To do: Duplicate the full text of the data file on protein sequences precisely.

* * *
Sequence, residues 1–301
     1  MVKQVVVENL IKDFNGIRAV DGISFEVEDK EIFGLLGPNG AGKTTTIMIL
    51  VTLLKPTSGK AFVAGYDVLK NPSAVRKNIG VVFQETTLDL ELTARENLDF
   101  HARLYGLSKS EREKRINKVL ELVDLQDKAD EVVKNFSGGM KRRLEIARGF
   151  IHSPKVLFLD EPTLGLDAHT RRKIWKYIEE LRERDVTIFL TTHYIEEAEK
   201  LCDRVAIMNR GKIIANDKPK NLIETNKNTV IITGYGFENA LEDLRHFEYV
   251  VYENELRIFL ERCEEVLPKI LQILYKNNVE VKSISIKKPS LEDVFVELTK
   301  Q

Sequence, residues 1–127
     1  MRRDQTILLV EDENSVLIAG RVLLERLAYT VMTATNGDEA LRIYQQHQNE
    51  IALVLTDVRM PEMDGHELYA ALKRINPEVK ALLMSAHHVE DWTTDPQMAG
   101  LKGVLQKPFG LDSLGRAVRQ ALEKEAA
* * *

Sequence, residues 1–301
     1  MVKQVVVENL IKDFNGIRAV DGISFEVEDK EIFGLLGPNG AGKTTTIMIL
    51  VTLLKPTSGK AFVAGYDVLK NPSAVRKNIG VVFQETTLDL ELTARENLDF
   101  HARLYGLSKS EREKRINKVL ELVDLQDKAD EVVKNFSGGM KRRLEIARGF
   151  IHSPKVLFLD EPTLGLDAHT RRKIWKYIEE LRERDVTIFL TTHYIEEAEK
   201  LCDRVAIMNR GKIIANDKPK NLIETNKNTV IITGYGFENA LEDLRHFEYV
   251  VYENELRIFL ERCEEVLPKI LQILYKNNVE VKSISIKKPS LEDVFVELTK
   301  Q

Sequence, residues 1–127
     1  MRRDQTILLV EDENSVLIAG RVLLERLAYT VMTATNGDEA LRIYQQHQNE
    51  IALVLTDVRM PEMDGHELYA ALKRINPEVK ALLMSAHHVE DWTTDPQMAG
   101  LKGVLQKPFG LDSLGRAVRQ ALEKEAA